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State parks lost out on $1.2 million in uncollected entrance fees, audit finds

Riley Snyder
Riley Snyder
EnvironmentState Government

Nearly a third of the 3.5 million people who visited a Nevada state park last year didn’t pay required entrance fees, according to a new state audit, which translates into an estimated $1.2 million in uncollected revenue for the state.

The audit of the Division of State Parks, which was presented to an interim legislative audit committee on Monday, estimated that hundreds of thousands of Nevada park-goers skip out on required day-use fees of the state’s 28 parks and suggested several ways to improve compliance.

Comparing vehicle traffic to expected and annual revenue, auditors determined that roughly 30 percent of park goers did not pay their required day-use fee to access the parks (fees typically run between $5 and $20 per vehicle). Auditors stressed the $1.2 million in lost revenue was a “conservative” estimate, and said they discounted possible trips from those with annual passes, the $2 Nevada resident discount, people visiting for free events and other vehicle traffic that wouldn’t require a day use pass.

Auditors found that parks with manned entrances, such as Valley of Fire state park, had a better compliance rate than those with self-pay stations, where auditors said visitors through either “ignorance or willful intent” failed to pay required entrance fees.

Although nine parks had an “estimated compliance” of 90 percent or higher, the audit found several parks with a significantly small percentage of collected entrance fees compared to vehicle traffic, including Cave Rock park at Lake Tahoe, with an estimated 23 percent “compliance” percentage, losing out on more than $137,800 in expected revenue based on annual vehicle count.

Other parks with low compliance ratings included Echo Canyon (36 percent, $56,540 in uncollected fees), Fort Churchill (39 percent, $51,201 in uncollected fees) and Spring Valley (41 percent, $86,193 in uncollected fees). Fees collected from visitors to state parks have jumped significantly over the last decade, from $2.5 million in 2008 to $4.3 million in 2017.

The audit also found that of 22 surveyed parks, at least seven had experienced staff or volunteer theft of money placed in self-pay stations. Although the audit wasn’t able to determine the total amount of funds lost because of theft (noting that it was a “rare occurrence”), it nonetheless recommended that at least two employees be present during cash collection.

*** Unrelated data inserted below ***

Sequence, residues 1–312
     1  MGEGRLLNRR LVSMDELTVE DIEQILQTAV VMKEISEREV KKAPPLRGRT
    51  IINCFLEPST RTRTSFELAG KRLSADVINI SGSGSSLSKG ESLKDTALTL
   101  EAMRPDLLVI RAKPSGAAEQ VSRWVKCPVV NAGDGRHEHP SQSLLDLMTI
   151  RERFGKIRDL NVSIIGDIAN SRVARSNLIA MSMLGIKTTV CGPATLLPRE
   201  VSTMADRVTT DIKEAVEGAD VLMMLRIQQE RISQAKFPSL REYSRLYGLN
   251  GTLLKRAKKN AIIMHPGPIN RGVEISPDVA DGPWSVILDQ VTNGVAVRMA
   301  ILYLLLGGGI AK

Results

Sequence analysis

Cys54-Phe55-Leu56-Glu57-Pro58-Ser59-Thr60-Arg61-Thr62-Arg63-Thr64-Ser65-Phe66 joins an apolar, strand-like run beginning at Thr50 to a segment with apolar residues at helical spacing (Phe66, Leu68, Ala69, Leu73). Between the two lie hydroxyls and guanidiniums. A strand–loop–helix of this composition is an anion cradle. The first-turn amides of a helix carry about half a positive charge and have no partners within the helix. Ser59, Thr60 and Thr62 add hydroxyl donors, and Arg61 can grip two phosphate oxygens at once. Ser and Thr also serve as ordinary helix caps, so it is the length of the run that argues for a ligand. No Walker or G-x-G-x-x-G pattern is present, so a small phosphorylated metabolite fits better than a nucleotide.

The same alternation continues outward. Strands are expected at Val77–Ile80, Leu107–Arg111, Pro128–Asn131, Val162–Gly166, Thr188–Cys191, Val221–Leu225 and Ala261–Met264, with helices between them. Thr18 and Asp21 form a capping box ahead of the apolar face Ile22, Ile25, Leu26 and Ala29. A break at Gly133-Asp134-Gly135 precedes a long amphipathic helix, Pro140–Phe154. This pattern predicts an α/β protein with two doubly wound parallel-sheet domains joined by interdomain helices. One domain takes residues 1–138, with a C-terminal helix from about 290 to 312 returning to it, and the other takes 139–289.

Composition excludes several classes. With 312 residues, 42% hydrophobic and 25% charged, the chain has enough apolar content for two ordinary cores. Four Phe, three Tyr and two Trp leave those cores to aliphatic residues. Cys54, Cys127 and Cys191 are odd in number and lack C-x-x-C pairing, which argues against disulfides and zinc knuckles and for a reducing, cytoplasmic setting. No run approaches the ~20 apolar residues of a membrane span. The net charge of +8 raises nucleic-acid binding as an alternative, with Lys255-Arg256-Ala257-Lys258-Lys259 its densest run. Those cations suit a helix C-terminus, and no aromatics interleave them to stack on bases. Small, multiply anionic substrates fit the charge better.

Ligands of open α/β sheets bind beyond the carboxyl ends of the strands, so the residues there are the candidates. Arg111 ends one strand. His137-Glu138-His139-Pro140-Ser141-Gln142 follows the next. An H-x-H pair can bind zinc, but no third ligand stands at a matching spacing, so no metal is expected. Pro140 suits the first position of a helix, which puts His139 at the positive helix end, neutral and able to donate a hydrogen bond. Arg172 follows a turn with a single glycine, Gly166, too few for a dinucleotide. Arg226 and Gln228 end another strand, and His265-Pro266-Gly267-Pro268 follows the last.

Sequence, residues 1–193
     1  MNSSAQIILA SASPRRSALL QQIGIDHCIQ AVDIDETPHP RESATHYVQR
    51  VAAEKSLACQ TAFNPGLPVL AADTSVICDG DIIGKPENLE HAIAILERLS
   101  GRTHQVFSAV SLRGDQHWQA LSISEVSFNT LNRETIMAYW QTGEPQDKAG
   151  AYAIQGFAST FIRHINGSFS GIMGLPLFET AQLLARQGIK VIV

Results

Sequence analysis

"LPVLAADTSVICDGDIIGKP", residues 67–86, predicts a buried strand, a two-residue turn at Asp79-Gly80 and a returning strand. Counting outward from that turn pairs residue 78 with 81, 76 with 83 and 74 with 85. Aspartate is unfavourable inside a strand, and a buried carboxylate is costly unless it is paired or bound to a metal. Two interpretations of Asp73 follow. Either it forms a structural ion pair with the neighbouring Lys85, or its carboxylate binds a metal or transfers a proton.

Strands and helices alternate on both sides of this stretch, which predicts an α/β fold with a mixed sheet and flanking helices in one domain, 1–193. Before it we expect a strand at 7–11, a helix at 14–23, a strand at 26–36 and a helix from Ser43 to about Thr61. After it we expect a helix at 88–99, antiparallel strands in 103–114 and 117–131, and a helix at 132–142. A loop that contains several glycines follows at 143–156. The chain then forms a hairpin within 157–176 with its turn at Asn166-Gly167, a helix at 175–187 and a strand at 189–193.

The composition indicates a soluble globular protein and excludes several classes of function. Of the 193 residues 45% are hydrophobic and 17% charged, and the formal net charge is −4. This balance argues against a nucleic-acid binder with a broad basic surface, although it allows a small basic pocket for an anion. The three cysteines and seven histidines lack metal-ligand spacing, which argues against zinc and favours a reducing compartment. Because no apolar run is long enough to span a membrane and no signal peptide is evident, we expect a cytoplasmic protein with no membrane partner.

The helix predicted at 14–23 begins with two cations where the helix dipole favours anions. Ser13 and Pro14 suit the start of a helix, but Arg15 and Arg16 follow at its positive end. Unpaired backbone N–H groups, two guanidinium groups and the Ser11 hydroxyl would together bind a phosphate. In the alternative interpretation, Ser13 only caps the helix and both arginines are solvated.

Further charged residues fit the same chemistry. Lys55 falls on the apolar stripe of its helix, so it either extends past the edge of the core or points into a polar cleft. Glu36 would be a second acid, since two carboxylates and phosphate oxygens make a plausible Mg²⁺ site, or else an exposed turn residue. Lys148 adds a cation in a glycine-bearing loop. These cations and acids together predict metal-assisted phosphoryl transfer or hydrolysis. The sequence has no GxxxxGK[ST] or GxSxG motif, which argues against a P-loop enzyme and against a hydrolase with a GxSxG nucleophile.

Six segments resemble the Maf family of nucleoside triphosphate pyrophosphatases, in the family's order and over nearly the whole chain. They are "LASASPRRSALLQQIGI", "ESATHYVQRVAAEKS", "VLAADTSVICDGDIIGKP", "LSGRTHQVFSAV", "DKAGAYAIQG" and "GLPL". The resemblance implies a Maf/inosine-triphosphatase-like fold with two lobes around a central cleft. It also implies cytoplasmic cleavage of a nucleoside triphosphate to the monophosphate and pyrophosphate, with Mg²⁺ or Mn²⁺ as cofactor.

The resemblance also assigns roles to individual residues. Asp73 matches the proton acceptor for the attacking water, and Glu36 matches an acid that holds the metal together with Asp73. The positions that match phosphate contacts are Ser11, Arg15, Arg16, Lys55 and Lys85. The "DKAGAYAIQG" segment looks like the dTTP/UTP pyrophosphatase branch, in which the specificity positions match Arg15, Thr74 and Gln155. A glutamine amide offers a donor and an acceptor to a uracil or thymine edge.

Acting state parks Administratior Bob Mergell, who otherwise said the department accepted all seven audit recommendations, said fulfilling that request would be nigh-impossible given limited staffing at several of the parks, some of which are left with one permanent staff member overseeing the park during certain times of the year.

“We just simply can’t ask those ranger staff to come out of the field to count the volume of envelopes that we collect at that park,” he said. “So we just have to rely on seasonal employees.”

Still, the audit stated that park staff were “hesitant” to assess noncompliance fees on visitors who didn’t pay entrance fees, and noted that park staff hadn’t used a potential $200 citation for noncompliance in years.

“However, by not following Division compliance procedures and enforcing noncompliance fees, some visitors may be only inclined to pay when approached by park staff,” the report stated.

The audit also highlighted issues with the division’s use of fuel cards for department vehicles and recommended that the cards be tied to individual cars and not specific employees to improve oversight of fuel usage. It also recommended better oversight of payments from vendors who sell concessions within parks, identifying at least one business that overpaid the department by $21,900 over a seven-year period. Mergell said the department had repaid the vendor and already made changes to its internal fuel card management.

It also recommended installing different methods of fee collection, notably through self-pay kiosks where visitors can pay with a credit card or debit card instead of cash. Mergell said the department had already installed two of the kiosks at Sand Harbor and Cave Rock state parks, had two additional ones in storage and hope to purchase more if their budget is approved by the 2019 Legislature. He also said the department was working on a pilot program for an app that would allow visitors to pre-pay before reaching a park, as part of the division’s goal to cut down on the amount of cash it had to directly deal with.

“In a perfect world, in 10 years we won’t touch money,” he said. “But for the time being we still have to deal with it.”


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